Have you ever had the time and to really dig into the challenges and barriers we face when we try to use Monitoring and Evaluation (M&E) to inform and improve Gender Based Violence (GBV) programming?
If so, did you ever reach the point where you came up with ‘top notch’ solutions to solve your core M&E problems? In close collaboration with the HIF we’re trying to do exactly that by running an adapted Design Sprint Workshop in May 2019 in Nairobi.
Design Sprint is a proven process to help answer critical questions and ensure that you are developing the right thing. The three-day workshop will take us through different steps to:
The objective of this project is to collectively identify innovative opportunities to strengthen the measurement of GBV programming. We will do this through the creation a shared space where innovation specialists and GBV actors from different levels can discuss and learn from their respective experience.
East Africa has seen incredible development in both technology-based and non-technology-based innovations which has revolutionised ways of doing business. We are hoping to harness similar talents to help define innovative approaches to effectively measure success of GBV programmes.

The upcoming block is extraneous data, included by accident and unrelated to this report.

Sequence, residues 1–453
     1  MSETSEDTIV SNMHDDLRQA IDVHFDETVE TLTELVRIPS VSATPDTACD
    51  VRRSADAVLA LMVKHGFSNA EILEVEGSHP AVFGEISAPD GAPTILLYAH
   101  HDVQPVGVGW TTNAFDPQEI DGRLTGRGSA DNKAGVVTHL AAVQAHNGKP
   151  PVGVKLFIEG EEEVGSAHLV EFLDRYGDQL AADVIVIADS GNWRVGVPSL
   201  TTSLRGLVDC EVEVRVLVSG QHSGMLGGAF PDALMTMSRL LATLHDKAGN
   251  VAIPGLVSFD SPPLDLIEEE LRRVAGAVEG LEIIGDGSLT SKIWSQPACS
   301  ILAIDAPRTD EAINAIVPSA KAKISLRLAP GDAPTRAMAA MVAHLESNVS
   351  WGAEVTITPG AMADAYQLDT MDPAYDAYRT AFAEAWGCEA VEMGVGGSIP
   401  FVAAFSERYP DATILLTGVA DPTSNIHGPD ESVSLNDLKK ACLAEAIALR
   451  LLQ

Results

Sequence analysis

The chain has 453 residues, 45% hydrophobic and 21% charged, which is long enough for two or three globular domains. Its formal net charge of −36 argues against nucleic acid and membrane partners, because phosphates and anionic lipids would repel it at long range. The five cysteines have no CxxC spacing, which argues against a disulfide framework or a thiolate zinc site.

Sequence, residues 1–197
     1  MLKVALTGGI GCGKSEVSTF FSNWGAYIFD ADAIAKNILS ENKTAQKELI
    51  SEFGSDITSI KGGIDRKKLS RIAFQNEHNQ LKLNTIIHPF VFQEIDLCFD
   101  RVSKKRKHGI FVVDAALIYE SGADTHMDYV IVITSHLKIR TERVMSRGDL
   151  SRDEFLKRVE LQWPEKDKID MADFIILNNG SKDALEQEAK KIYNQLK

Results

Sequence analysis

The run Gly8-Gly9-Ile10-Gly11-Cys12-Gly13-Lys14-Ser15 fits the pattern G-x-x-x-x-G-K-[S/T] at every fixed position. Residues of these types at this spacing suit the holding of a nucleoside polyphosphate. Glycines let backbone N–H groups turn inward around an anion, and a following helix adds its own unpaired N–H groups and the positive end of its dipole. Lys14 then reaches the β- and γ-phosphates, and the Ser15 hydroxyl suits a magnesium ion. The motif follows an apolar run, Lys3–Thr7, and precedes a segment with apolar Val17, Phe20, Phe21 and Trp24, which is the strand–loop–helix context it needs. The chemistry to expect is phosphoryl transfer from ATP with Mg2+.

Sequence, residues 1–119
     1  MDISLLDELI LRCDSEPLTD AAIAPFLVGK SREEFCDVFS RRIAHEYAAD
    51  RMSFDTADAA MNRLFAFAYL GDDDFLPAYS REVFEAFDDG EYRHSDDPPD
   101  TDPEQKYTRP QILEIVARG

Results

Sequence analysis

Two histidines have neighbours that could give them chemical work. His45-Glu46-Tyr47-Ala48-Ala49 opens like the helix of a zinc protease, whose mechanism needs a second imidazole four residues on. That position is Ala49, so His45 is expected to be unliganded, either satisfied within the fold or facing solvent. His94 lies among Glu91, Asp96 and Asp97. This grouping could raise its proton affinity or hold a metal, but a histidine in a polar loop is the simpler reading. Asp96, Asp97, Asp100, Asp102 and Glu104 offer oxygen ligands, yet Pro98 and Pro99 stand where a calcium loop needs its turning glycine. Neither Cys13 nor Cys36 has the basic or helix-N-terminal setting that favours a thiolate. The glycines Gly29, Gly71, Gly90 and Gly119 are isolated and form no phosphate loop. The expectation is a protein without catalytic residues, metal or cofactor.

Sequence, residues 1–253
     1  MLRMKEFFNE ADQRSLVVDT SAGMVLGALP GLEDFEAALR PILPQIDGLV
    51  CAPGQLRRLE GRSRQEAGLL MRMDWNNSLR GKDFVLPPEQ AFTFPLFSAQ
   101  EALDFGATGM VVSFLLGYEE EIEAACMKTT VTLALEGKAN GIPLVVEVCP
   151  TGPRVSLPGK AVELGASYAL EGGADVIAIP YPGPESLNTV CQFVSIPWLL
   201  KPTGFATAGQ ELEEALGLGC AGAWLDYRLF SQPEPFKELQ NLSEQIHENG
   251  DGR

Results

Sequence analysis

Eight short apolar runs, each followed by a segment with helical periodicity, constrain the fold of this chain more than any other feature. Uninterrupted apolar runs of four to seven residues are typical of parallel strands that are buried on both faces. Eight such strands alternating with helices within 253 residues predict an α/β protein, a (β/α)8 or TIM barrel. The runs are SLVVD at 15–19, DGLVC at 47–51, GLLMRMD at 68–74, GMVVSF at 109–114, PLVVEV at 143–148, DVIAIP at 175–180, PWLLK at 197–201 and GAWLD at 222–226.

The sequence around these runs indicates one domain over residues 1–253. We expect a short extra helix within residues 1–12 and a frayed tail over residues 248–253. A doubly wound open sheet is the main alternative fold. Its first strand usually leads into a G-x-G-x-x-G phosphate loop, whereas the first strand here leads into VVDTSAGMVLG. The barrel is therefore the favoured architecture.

While the workshop has not yet taken place, selected IRC country teams have kick-started the thinking process. They have started to complete individual surveys and have in-country meetings with relevant staff, sharing their experiences around M&E and GBV programming.
This information will form the foundation of the workshop activities.
At the adapted Design Sprint we will harvest the M&E knowledge from across Tanzania, DRC and Burundi with IRC staff and GBV partner teams. This will be combined with motivational/inspirational speeches from regional innovation specialists, following the Sprint methodology.
Hopefully, we will leave the workshop on Wednesday May 15, with new ideas on how to measure GBV programming more effectively. This could lead to new partnerships within the humanitarian sector and greater involvement of East African innovators.
Photo Credit: IRC
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